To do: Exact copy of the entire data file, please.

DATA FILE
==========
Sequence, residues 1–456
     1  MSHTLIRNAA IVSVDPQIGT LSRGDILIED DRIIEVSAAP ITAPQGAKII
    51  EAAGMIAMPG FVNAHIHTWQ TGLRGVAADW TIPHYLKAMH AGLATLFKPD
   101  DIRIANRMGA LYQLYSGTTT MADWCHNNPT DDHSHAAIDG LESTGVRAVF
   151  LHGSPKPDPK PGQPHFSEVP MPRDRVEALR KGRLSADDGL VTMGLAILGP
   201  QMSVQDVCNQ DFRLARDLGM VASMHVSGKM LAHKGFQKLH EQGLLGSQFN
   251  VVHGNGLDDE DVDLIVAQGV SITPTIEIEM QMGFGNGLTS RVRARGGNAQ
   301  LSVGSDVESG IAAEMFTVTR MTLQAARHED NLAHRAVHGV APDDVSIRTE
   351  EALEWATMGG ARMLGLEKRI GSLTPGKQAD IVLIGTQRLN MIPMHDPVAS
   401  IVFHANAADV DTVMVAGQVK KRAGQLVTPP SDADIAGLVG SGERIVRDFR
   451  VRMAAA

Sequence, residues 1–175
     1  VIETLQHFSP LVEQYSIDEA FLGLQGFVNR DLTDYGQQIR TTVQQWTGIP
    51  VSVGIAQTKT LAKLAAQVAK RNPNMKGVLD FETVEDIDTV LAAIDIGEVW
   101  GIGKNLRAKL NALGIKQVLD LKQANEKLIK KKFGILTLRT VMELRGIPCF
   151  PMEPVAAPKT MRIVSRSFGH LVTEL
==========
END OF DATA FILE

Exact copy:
Sequence, residues 1–456
     1  MSHTLIRNAA IVSVDPQIGT LSRGDILIED DRIIEVSAAP ITAPQGAKII
    51  EAAGMIAMPG FVNAHIHTWQ TGLRGVAADW TIPHYLKAMH AGLATLFKPD
   101  DIRIANRMGA LYQLYSGTTT MADWCHNNPT DDHSHAAIDG LESTGVRAVF
   151  LHGSPKPDPK PGQPHFSEVP MPRDRVEALR KGRLSADDGL VTMGLAILGP
   201  QMSVQDVCNQ DFRLARDLGM VASMHVSGKM LAHKGFQKLH EQGLLGSQFN
   251  VVHGNGLDDE DVDLIVAQGV SITPTIEIEM QMGFGNGLTS RVRARGGNAQ
   301  LSVGSDVESG IAAEMFTVTR MTLQAARHED NLAHRAVHGV APDDVSIRTE
   351  EALEWATMGG ARMLGLEKRI GSLTPGKQAD IVLIGTQRLN MIPMHDPVAS
   401  IVFHANAADV DTVMVAGQVK KRAGQLVTPP SDADIAGLVG SGERIVRDFR
   451  VRMAAA

Sequence, residues 1–175
     1  VIETLQHFSP LVEQYSIDEA FLGLQGFVNR DLTDYGQQIR TTVQQWTGIP
    51  VSVGIAQTKT LAKLAAQVAK RNPNMKGVLD FETVEDIDTV LAAIDIGEVW
   101  GIGKNLRAKL NALGIKQVLD LKQANEKLIK KKFGILTLRT VMELRGIPCF
   151  PMEPVAAPKT MRIVSRSFGH LVTEL